When I first heard that a new Pride and Prejudice film was in the works, I was both apprehensive and excited. I had seen every single film adaptation made of my favorite Jane Austen book and considered the A&E version starring Colin Firth as Mr Darcy and Jennifer Ehle as Elizabeth Bennett the end-all. As a miniseries, it was able to closely follow the book and not omit any of the wonderful parts that made the novel a classic. With a movie made for the big screen, important plot twists and scenes would have to be removed to fit in the allotted time. It was with slight trepidation that I watched the new version, but I quickly found myself caught up in the breathtaking scenery and the witty repetoire between Elizabeth and Mr. Darcy. At first, I felt I was betraying Colin Firth by enjoying the new film. However, I have managed to come to terms with my love for both movies.
As for my love of the 2005 version, let me start by saying that Colin Firth will always be Mr. Darcy. He can play as many roles as he wants, but that man is forever stuck in my mind as Mr. Darcy. Keeping that in mind, however, Matthew Macfadyen was an excellent choice to follow in his footsteps. I even have discovered I prefer Keira Knigthley as Elizabeth. She brings a lively and defiant air that surpasses that of Jennifer Ehle. I also approve of Claudie Blakley as Charlotte Lucas, who is more homely and reserved than the actress who portrayed her in the previous film. Charlotte is a plain girl, who has become a burden on her parents because she can't find a husband. She is so scared of her situation that she will accept the proposal of the foolish Mr. Collins. The 1995 Charlotte is well-spoken and pretty. It's not believable that she wouldn't have had any marriage offers yet. As for the lovely Jane, Rosemary Pike is perfect, clearly upstaging her younger sisters with her grace and beauty. While the 1995 version was less beautiful than Elizabeth, it's clear with Rosemary Pike that men would have flocked to her over her sister.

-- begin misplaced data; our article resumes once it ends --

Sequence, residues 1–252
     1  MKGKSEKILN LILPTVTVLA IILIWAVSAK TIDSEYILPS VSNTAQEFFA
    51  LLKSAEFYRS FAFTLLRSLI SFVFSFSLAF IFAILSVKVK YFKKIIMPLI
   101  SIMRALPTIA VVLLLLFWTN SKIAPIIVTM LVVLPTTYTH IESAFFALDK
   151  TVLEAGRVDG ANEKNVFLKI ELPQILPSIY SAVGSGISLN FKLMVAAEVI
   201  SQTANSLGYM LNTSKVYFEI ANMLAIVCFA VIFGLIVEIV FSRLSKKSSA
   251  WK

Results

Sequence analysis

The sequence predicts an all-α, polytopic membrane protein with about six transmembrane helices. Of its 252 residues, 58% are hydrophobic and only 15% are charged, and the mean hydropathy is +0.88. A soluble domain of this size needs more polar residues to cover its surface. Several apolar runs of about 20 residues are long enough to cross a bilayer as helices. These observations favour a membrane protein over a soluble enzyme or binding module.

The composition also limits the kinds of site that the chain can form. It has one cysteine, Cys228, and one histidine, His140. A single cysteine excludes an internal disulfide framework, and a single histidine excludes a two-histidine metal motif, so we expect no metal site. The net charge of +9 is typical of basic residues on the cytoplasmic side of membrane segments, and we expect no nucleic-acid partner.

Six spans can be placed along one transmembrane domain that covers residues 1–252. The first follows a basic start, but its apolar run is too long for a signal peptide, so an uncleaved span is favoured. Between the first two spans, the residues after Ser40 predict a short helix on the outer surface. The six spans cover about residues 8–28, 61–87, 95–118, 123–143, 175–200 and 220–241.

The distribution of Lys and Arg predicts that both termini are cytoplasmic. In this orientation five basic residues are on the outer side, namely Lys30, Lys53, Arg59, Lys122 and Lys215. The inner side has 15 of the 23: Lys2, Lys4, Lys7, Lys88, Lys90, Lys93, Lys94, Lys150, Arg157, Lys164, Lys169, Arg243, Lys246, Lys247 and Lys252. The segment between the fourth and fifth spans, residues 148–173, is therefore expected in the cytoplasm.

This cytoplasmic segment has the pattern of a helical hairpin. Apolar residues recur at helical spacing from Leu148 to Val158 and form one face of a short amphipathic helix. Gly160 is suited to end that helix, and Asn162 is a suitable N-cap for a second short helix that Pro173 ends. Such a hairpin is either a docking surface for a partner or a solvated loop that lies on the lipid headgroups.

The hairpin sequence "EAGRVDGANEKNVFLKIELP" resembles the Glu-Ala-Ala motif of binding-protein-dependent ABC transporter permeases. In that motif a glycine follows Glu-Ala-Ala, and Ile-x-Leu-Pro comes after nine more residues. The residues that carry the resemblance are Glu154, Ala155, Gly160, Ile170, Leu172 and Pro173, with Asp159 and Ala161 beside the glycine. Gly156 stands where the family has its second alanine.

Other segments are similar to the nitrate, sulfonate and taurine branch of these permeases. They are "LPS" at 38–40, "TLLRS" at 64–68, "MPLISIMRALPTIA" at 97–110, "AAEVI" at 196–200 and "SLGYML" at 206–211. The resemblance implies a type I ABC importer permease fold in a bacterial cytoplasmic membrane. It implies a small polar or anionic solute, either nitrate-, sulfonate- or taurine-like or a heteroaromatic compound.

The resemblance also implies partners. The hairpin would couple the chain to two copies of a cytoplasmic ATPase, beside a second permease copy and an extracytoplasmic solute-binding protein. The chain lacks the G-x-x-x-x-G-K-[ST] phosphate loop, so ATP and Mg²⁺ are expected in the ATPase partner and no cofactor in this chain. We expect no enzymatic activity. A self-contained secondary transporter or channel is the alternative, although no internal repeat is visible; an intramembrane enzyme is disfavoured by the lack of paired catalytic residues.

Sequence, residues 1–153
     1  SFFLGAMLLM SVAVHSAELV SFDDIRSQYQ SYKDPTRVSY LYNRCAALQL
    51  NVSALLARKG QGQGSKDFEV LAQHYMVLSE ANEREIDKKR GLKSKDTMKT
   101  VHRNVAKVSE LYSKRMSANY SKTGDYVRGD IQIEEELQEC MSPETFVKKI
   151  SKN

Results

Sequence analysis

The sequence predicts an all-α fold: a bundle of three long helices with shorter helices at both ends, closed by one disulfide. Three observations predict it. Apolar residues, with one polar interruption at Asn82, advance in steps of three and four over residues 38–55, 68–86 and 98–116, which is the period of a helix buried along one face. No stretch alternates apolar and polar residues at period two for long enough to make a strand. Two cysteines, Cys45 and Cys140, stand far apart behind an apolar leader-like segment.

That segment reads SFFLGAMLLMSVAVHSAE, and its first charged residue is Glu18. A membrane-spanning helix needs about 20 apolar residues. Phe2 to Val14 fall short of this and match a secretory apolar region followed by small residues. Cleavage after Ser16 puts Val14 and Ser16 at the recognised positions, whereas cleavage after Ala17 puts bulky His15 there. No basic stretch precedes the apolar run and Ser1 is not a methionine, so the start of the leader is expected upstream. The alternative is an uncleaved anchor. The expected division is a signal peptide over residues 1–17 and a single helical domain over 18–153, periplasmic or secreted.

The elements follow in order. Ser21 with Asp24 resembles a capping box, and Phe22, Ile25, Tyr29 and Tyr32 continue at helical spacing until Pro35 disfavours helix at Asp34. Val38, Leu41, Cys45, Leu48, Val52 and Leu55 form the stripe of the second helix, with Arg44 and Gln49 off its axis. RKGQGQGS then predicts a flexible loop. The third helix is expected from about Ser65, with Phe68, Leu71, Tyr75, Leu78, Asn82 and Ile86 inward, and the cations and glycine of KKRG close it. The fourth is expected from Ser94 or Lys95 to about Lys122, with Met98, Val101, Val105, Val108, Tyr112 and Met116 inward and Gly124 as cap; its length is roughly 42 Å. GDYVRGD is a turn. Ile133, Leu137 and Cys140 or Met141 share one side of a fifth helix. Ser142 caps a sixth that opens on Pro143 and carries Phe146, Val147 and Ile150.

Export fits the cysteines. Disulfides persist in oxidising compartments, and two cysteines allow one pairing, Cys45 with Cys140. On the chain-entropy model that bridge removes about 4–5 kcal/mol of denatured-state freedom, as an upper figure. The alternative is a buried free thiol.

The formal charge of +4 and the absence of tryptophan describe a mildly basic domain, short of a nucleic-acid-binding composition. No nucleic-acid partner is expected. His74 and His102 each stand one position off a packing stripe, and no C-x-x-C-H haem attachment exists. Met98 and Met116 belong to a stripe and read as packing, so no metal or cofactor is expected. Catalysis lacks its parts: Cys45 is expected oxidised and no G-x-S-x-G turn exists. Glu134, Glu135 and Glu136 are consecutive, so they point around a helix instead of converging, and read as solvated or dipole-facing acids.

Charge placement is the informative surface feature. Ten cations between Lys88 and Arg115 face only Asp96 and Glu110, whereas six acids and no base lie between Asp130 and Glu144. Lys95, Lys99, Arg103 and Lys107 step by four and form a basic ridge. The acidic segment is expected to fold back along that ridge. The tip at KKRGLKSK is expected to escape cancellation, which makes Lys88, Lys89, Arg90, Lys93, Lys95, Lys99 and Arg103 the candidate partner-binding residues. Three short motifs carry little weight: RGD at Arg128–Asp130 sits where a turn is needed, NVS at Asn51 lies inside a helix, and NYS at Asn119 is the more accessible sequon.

One of the new film's greatest strengths is that it has a much more realistic appearance in the set design and clothing. The Bennetts are not of extensive property or wealth, but you wouldn't know that from the 1995 film. The 2005 film has Elizabeth and her sisters dressing in plain, brown frocks and living in a small house where the pigs walk through the kitchen and clothes are drying in the sun. The stately home in the 1995 version gives the impression that the Bennetts are well-to-do and the girls always have something new to wear, which was not how Jane Austen wrote them to be. Netherfield and Pemberely are also more grand in scale and beauty in this film. They literally take your breath away, just as Jane Austen described them in her book.
I can't stress enough how perfectly suited Colin Firth is to the role of the pompous yet amiable Fitzwilliam Darcy. When you first see him in the 1995 version, you know you are looking on an important and proud man. The look on his face when he stares at the object of his affections, Elizabeth, is perfect in every respect. Along with Colin Firth, there are other actors that perfectly fit their roles. Alison Steadman is absurdely funny as the conniving Mrs. Bennett whose only concern, apart from her health, is getting her daughters married. As for the sleazy but sophisticated Mr. Wickham, Adrian Lukis is the far better actor for the part with his blend of charm and pitifulness. You feel for Wickham and just as quickly hate him. The other roles are superbly acted by both sets of actors, who each give them depth and heart.
To summarize, it's not a crime to love both films. It's hard to compare the two because one is a miniseries and one is a regular film, but they each have their good points and their lows. I would advise everyone to look on each as a seperate entity and not to judge them too harshly. Just remember: if you want the best...go read the book.